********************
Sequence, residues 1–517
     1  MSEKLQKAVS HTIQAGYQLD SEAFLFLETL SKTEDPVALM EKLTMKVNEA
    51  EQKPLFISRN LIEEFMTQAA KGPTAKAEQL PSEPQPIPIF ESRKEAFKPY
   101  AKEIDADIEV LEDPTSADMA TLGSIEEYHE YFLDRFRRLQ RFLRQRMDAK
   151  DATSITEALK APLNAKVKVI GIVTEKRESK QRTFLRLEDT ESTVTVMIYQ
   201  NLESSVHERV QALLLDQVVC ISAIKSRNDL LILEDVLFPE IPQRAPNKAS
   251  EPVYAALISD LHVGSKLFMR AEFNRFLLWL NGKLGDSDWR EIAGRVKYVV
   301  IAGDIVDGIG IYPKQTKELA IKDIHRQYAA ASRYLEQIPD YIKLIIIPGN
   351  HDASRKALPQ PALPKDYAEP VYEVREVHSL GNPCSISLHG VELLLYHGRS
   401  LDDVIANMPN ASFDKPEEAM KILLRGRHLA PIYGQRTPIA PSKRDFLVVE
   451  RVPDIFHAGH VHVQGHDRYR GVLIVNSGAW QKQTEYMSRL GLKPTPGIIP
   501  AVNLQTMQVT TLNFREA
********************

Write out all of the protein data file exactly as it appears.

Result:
Sequence, residues 1–517
     1  MSEKLQKAVS HTIQAGYQLD SEAFLFLETL SKTEDPVALM EKLTMKVNEA
    51  EQKPLFISRN LIEEFMTQAA KGPTAKAEQL PSEPQPIPIF ESRKEAFKPY
   101  AKEIDADIEV LEDPTSADMA TLGSIEEYHE YFLDRFRRLQ RFLRQRMDAK
   151  DATSITEALK APLNAKVKVI GIVTEKRESK QRTFLRLEDT ESTVTVMIYQ
   201  NLESSVHERV QALLLDQVVC ISAIKSRNDL LILEDVLFPE IPQRAPNKAS
   251  EPVYAALISD LHVGSKLFMR AEFNRFLLWL NGKLGDSDWR EIAGRVKYVV
   301  IAGDIVDGIG IYPKQTKELA IKDIHRQYAA ASRYLEQIPD YIKLIIIPGN
   351  HDASRKALPQ PALPKDYAEP VYEVREVHSL GNPCSISLHG VELLLYHGRS
   401  LDDVIANMPN ASFDKPEEAM KILLRGRHLA PIYGQRTPIA PSKRDFLVVE
   451  RVPDIFHAGH VHVQGHDRYR GVLIVNSGAW QKQTEYMSRL GLKPTPGIIP
   501  AVNLQTMQVT TLNFREA